August 13th 2008
Last Saturday's talk on Somerville, Massachusetts: A Brief History was a success. Dee Morris gave a brief talk on the writing of the book. Her co-author (and former Somerville librarian) Dora St. Martin read a couple of passages--one on Franklin Roosevelt's devoted secretary (and Somerville native) Missy LeHand and another on Somerville poet Sam Walter Foss. People came and went for the better part of two hours to buy copies and talk to the authors. There were so many buyers the author ran out... Read Post
August 11th 2008
Ian Frazier

Ian Frazier is a funny guy. He's so funny that when The Atlantic Monthly published selections from the best writing ever to appear in its pages, Frazier was one of only four authors represented in the category of humorous essays. The others were Mark Twain, James Thurber, and Kurt Vonnegut. Frazier's latest collection, Lamentations of the Father, exemplifies why he belongs in such illustrious company. The title essay is a list of directives from a father to his offspring couched in biblical... Read Post

August 6th 2008
We've decided to ask local authors what books they've been enjoying lately. First up is Pagan Kennedy, the award-winning author of Black Livingstone, The First Man-Made Man and The Dangerous Joy of Dr. Sex and Other True Stories (coming out in September). "These days I'm most interested in narrative nonfiction, so here's a pick from that genre: The Scarlett Professor by Barry Werth. In the 1950s, a professor at Smith College revolutionized the field of literary criticism. Newton Arvin was... Read Post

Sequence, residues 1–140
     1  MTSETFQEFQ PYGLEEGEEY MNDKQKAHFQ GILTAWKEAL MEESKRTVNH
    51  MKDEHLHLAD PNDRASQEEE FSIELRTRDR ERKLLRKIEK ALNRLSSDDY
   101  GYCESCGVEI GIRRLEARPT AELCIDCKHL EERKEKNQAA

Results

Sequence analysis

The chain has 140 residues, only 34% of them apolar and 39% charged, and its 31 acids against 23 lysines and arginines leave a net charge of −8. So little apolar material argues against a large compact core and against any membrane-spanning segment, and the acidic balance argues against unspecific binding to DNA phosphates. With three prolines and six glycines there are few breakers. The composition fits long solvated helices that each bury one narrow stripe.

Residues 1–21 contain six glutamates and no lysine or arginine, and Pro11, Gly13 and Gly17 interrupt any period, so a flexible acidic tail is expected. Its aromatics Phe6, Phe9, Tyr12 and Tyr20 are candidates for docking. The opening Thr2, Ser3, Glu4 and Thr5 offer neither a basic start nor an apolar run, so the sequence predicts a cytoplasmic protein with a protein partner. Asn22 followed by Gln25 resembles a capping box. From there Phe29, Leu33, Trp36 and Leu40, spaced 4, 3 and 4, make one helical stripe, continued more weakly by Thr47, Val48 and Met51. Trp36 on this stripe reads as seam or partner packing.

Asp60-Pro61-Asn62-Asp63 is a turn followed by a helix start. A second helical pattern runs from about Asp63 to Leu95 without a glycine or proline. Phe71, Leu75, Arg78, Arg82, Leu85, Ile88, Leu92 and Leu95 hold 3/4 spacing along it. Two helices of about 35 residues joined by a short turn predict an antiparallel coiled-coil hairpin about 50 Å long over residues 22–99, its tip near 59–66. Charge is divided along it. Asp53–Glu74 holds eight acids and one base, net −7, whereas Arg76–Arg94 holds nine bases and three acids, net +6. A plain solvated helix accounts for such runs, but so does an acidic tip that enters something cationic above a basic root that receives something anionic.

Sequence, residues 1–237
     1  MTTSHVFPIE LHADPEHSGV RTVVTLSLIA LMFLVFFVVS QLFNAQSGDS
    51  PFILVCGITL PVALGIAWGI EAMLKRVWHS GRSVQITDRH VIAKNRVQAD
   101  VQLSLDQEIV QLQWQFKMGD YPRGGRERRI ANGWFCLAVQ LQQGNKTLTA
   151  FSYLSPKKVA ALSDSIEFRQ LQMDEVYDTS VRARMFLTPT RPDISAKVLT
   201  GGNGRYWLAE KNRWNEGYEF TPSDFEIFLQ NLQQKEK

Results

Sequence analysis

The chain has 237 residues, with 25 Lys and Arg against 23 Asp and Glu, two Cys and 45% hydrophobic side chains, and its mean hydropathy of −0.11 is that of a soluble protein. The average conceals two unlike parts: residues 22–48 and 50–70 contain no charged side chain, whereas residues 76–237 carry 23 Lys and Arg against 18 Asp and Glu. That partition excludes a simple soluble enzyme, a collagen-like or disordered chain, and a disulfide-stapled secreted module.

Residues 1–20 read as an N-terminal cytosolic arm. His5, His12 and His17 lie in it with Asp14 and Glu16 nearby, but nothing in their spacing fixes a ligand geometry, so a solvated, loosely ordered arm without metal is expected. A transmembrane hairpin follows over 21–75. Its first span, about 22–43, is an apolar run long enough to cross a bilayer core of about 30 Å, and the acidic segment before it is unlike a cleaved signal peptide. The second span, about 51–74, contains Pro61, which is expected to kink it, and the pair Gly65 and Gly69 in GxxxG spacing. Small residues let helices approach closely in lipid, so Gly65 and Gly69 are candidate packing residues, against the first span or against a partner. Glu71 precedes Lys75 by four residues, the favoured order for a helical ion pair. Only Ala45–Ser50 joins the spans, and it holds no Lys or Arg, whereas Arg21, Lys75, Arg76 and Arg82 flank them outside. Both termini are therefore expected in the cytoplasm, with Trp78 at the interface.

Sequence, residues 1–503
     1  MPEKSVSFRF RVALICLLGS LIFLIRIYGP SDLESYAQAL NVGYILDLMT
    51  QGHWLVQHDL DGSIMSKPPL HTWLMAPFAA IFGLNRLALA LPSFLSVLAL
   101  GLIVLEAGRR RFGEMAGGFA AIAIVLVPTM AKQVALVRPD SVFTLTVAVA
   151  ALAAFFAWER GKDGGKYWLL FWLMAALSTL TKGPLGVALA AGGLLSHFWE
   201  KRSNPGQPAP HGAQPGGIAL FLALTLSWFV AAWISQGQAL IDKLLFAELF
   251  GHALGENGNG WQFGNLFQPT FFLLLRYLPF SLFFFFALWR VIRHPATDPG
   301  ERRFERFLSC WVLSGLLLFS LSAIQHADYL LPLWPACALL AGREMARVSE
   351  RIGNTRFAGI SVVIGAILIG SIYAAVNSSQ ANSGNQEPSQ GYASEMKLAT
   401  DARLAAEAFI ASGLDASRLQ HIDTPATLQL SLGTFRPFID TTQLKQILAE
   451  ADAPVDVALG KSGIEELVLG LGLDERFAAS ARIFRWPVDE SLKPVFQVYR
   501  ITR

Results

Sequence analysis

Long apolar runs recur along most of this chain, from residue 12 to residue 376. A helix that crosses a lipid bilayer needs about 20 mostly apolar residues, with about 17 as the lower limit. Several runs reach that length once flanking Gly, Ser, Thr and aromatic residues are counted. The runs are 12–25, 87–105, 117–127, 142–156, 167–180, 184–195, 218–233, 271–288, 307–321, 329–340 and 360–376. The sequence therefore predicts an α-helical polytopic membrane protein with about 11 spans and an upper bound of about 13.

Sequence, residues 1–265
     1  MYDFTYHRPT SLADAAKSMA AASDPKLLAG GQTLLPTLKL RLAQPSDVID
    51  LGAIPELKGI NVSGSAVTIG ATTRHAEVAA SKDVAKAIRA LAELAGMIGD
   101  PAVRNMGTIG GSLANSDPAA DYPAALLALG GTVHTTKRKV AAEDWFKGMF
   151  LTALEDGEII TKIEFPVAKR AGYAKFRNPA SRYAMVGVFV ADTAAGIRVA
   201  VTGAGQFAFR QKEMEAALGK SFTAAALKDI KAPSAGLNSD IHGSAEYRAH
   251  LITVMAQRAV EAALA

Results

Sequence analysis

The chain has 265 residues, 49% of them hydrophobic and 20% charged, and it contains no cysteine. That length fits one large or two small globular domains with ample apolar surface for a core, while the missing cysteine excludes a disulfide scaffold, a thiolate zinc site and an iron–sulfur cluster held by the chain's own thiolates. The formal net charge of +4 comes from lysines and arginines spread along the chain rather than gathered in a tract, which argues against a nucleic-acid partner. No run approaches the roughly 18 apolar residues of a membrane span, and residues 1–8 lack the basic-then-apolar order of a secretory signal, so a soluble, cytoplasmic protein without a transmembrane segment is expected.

July 30th 2008
Cover of book "Introducing Somerville: a Brief History"

Enter Somerville, a city packed with stories larger than itself, to salute a heritage that justifies the fierce pride of its citizens. Share a perch on one of Somerville's celebrated hills with Dee Morris and Dora St. Martin and watch the raising of America's first flag and the stringing of its first telephone line. Strolling from neighborhood to neighborhood, this brief history knocks on the doors of everyone from the father of Fenway Park to Missy LeHand, Franklin D. Roosevelt's private... Read Post